this is good news mr preval! prevail sir!

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Constitution Change?

Préval Proposes Overhauling Rules to Up Presidential Terms
Haitian Times Staff

After experiencing a string of dictators throughout its 200 years as a republic, Haitians are now weary of giving their president consecutive terms, as they voted in the Constitution in 1987.

But with the country reeling, a new school of thought has slowly emerged that elected officials, particularly the president, should be given longer terms.

That idea became more public last week when President René Préval called for a constitutional amendment to allow presidents to serve consecutive terms -- a change he said would bring more stability to a country frequently mired in political chaos.

Préval, in a speech at the National Palace, proposed overhauling the country's entire constitution to give the government more flexibility to promote development and fight corruption.

He suggested holding all national and local elections on the same day every five years, and recommended creating a constitutional court to interpret the nation's laws. He also said the president should have the power to dismiss the prime minister -- who is now appointed by the executive, but can only be ousted by parliament.

Current rules limit Haitian presidents to two terms, with at least a five-year break in between.

Préval's initial proposal, which spokesmen said he would refine before submitting to parliament, would allow future presidents to serve those terms back-to-back.

Préval, who won his second nonconsecutive term last year, assured legislators he could not, and would not, seek office again.

"I know that as soon as the president asks to reflect on the constitution, it gives rise to suspicion," Préval said. "I repeat once again for everyone: My tenure comes to end on Feb. 7, 2011, period."

Haiti's current constitution was signed in 1987 after 29 years of dictatorship and was intended to impede any return to authoritarian rule. That constitution many experts have argued was drafted at an extremely emotional moment in Haiti's history and feelings and not rule of law and common sense were guiding the articles.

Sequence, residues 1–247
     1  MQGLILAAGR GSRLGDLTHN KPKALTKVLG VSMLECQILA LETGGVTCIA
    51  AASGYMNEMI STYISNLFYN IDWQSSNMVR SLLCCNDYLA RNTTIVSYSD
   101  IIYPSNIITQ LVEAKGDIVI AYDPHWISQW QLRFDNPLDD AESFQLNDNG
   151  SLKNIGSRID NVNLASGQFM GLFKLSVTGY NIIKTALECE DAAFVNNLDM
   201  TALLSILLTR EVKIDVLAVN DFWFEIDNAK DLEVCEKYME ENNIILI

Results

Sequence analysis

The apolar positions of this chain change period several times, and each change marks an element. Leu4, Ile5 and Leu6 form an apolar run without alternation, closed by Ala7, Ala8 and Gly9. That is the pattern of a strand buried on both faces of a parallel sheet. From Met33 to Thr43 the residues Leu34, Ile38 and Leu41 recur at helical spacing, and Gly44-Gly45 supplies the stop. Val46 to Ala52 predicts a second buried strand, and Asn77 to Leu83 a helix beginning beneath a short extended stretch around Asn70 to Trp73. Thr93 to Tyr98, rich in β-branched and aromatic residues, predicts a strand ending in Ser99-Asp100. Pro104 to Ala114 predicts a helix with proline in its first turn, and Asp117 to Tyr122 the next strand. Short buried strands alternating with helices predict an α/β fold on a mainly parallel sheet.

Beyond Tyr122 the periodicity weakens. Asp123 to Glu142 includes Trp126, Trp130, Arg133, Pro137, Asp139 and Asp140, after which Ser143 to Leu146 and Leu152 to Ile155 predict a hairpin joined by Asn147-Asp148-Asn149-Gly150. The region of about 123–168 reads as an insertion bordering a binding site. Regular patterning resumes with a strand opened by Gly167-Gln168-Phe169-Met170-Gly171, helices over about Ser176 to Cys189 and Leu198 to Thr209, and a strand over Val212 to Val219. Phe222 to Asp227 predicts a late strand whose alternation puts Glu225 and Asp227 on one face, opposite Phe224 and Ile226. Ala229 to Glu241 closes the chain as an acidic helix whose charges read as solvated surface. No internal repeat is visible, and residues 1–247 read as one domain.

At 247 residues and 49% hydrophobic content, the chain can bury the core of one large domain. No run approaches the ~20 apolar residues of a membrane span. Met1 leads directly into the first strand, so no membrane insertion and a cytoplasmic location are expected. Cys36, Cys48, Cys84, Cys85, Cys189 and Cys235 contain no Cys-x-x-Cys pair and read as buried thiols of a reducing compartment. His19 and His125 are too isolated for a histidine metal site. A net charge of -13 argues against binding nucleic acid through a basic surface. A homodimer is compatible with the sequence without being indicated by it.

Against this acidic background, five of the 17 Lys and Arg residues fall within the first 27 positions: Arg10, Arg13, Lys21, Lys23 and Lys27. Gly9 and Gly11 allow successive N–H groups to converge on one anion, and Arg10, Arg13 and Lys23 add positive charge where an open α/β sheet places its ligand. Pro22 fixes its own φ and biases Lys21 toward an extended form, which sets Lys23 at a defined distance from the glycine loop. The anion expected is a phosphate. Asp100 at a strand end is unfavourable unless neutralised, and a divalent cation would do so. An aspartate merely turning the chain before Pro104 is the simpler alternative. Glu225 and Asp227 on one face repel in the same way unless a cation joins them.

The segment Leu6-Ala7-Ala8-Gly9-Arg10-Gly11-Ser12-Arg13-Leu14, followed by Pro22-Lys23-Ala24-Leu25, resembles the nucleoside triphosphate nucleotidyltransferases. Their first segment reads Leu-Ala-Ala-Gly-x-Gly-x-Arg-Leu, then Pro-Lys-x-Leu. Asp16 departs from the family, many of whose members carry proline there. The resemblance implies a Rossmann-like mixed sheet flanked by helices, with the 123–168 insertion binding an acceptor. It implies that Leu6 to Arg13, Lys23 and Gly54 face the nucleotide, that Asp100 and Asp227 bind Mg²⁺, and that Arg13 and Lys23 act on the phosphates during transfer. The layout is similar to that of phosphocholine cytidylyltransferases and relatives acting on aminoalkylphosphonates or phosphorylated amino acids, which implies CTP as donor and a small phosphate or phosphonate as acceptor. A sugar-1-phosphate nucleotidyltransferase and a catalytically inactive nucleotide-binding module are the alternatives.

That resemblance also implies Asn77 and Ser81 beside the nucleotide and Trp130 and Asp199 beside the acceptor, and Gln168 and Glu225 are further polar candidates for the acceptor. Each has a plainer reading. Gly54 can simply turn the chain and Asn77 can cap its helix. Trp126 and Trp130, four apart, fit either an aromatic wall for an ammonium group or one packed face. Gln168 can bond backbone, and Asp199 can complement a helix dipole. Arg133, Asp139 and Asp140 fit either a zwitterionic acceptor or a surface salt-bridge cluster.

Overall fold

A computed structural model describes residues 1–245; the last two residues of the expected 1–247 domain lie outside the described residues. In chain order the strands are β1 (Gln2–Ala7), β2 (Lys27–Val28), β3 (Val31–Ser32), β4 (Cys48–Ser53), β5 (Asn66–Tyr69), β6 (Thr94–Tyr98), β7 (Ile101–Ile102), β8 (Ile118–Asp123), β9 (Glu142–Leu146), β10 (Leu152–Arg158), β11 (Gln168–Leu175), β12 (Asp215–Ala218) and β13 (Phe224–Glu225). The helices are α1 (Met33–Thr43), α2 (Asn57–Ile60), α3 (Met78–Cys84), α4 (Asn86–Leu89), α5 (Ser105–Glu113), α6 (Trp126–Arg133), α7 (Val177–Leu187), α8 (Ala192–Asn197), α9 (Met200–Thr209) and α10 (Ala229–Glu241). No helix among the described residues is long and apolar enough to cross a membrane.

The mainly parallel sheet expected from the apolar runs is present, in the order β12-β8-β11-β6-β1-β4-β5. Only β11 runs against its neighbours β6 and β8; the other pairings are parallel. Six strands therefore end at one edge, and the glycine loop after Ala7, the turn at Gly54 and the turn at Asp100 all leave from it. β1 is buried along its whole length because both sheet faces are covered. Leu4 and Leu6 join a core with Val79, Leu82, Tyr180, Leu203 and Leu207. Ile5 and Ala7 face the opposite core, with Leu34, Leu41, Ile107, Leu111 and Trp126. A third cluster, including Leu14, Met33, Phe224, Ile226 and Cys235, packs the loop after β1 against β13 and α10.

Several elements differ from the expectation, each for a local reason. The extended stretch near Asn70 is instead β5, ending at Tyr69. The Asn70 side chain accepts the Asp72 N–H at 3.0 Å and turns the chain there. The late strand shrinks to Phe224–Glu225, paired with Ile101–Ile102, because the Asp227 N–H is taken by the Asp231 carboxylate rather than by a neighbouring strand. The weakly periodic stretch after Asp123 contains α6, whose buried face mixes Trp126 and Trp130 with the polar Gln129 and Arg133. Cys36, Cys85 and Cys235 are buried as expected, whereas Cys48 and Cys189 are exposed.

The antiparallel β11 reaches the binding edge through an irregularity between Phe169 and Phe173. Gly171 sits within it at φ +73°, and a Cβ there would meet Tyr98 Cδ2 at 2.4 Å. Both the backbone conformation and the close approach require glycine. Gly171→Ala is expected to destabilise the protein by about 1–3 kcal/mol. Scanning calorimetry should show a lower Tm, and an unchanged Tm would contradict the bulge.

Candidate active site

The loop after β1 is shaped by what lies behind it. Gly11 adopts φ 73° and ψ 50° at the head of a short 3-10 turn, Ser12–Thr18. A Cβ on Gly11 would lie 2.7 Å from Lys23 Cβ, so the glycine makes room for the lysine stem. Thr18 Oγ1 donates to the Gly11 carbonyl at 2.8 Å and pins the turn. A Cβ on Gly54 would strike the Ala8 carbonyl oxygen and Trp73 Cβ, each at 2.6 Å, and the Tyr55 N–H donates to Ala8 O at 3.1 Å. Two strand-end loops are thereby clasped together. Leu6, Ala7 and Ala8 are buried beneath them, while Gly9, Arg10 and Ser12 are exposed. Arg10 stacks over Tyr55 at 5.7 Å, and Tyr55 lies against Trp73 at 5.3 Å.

"This was more against dictatorship, than a legal guide for an emerging country," said a person who was instrumental in drafting the Constitution who refused to have his name used for this article.

"We should have taken our time and hold public meetings to let people know what was in it and then ratify it. The process was hurried and we need to amend it."

Other people, particularly those in the Diaspora, take issues because there is no dual nationality clause in the Constitution.

They argue that they are sustaining the country economically with about $1 billion in remittances sent to relatives while they are denied the right to vote simply because they hold another country's passport.

This issue was raised before.

In 1996, President Jean-Bertrand Aristide wanted to run again for office arguing that the three year he spent in exile from 1991 to 1995, gave him the moral authority to run again.

Aristide reluctantly endorsed Préval to succeed him. Préval finished his term and Aristide was reelected during a contentious vote that eventually paralyzed his administration, leading to his inauspicious exile in Feb. 29, 2004 to South Africa where he now lives.

The country is still facing political uncertainty.

Recently, officials announced that legislative elections will be postponed as it sorts out allegations of financial fraud and criminal activity within the nation's electoral council.

The current Parliament was elected in 2006 after two dormant years in the wake of a 2004 uprising that toppled former President Jean-Bertrand Aristide, and 10 out of 30 Senate seats were supposed to be up for election in November.

Government spokesman Joseph Jasmin said the election "is certainly not going to happen in November." "I can't give you any estimate when it is going to happen but we will work so it can happen quickly."
The Provisional Electoral Council has long been criticized for votes plagued by ballot irregularities and fraud allegations.

Internal conflict reached a head when two members -- Patrick Fequiere and Louis Jerson Richeme -- accused commission President Max Mathurin, Secretary-General Rosemond Pradel and Treasurer Francois Benoit of embezzling an undisclosed amount of money for personal use and of trying to have Richeme killed.

"The (council) is broken in two. The members are fighting all the time," Jasmin said.

Unknown Flo And Linda Said I Am A Retard, October 25 2007, 10:28 PM

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